Winners of NTA XI Gender Paper Prizes Announced
We are pleased to announce the three winners of the Gender Paper Prize from the 11th Global Meeting of the NTA Network, held in Dakar in June 2016. The winning papers are:
- ARBITRAGE MARCHÉ DU TRAVAIL ET MARCHÉ DOMESTIQUE, by Latif Dramani, Oumy Laye, Sene Ndeye Sokhor
- CHALLENGES TO INCREASE FEMALE LABOR FORCE PARTICIPATION: GENDER INEQUALITY IN COSTA RICA, by Pamela Jiménez-Fontana
- THE PATTERNS OF NON‑MONETARY TRANSFERS IN EUROPE: A HISTORICAL NTTA ANALYSIS BY AGE AND GENDER, by Ana Šeme, Lili Vargha, Tanja Istenič, Jože Sambt
All three papers are available as NTA Working Papers and can be downloaded from the NTA website. Paper abstracts and direct download links are available below.
In search of well-being, families devote much time on domestic activities including cooking, cleaning, laundry, care for children and senior. Yet these various domestic activities, called "domestic production" are not regarded as an income-generating economic activity and are not sufficiently taken into consideration in the national accounts. The work of Stiglitz et al. (2009) highlight the need to measure this domestic production, to be taken into account in the calculation of household living standards. The method of the National Time Transfer Account (NTTA) was used to measure the time spent on domestic activities. The survey ESPS of 2011 allowed to measure the time spent on domestic activities. The results showed that domestic work time is an average of 7 hours per day for women while it is 30 minutes a day for men. The survey showed that in the paid labor market, the level of men participation in the labor market is significantly higher than that of women with 55.2% of active employed men against 34.3% of active employed women. Moreover, the estimation of women's contribution to the creation of wealth has shown that women produce 35% of the labor income against 65% for men in 2011. By contrast, concerning domestic work, women produce 63% of domestic production and men 37% of this production in 2011. These results demonstrate the existence of an implicit arbitration in households for domestic activity and paid work. In a world where time is increasingly monetized, it is interesting to wonder about the future of domestic work in Senegal and in Africa in general.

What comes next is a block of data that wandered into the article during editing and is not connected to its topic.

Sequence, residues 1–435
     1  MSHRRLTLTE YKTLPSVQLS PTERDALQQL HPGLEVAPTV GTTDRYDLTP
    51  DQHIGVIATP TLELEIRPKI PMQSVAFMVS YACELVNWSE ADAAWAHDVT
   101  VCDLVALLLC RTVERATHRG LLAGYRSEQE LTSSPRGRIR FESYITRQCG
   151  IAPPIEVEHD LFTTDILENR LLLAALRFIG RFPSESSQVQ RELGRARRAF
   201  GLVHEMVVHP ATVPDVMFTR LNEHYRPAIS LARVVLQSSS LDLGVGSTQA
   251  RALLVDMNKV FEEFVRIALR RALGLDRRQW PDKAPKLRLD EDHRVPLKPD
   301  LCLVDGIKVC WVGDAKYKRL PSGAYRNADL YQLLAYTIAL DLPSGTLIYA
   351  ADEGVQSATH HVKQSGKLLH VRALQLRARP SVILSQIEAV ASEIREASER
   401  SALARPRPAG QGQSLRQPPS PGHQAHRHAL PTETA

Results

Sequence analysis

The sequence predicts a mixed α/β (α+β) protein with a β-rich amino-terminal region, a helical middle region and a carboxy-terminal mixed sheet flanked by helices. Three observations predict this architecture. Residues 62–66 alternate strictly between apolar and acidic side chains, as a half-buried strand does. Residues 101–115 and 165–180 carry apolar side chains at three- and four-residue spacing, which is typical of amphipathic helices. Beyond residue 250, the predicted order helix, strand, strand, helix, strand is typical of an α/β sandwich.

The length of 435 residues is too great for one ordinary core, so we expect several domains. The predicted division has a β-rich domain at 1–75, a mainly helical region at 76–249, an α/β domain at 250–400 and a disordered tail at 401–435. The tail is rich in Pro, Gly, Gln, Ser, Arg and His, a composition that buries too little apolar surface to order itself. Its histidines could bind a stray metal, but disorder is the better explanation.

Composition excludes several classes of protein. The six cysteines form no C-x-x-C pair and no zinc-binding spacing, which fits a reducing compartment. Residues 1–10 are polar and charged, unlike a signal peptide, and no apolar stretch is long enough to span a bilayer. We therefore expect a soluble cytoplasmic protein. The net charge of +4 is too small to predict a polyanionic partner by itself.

Costa Rica is at the end of the demographic transition with an insufficient educational profile to meet the demands of the market. The benefits of the first demographic dividend were not materialize due to the lack of public policies that did not promote better skills for the new generations that will have to support an aging population. In this context, a potential opportunity arises: low female labor force participation poses a scope for accelerating economic growth through greater incorporation of women into the market. This opportunity known as gender dividend, only materialize if public policies reduce the barriers that limit a greater female participation. Despite the rapid growth of the participation rate of women in the market, in the last five years a stagnation of this indicator is observed, which suggests that factors such as care and unpaid work limit the participation of women on the market. Gender inequality in Costa Rica is evident: low female political participation, women as the main responsible for care and policies do not encourage parental responsibility. Some efforts such as childcare networks intend to reduce female unpaid work. However, many of these programs have low coverage and also are target only for people on poverty. In this article I analyze gender inequality on market and unpaid production using the methodology developed by international Counting Women's Work and the project National Transfer Accounts. Also, per capita profiles of key domestic activities by age and sex are analyzed.
THE PATTERNS OF NON‑MONETARY TRANSFERS IN EUROPE: A HISTORICAL NTTA ANALYSIS BY AGE AND GENDER, by Ana Šeme, Lili Vargha, Tanja Istenič, Jože Sambt
This paper analyses the age patterns of production, consumption and net transfers in the form of unpaid work by gender and over time. Using National Time Transfer Accounts methodology, we present the historical results for several European countries for the first time. The results show that the evolution of age patterns over time is different for men and women and is highly affected by different demographic trends, as well as by institutional background of countries. We discover that despite differences over time and across countries, two main characteristics of age patterns do not change: transfers of unpaid work still flow, first, from women to men and secondly, from working‑age population mostly to children and to a lesser extent to the elderly.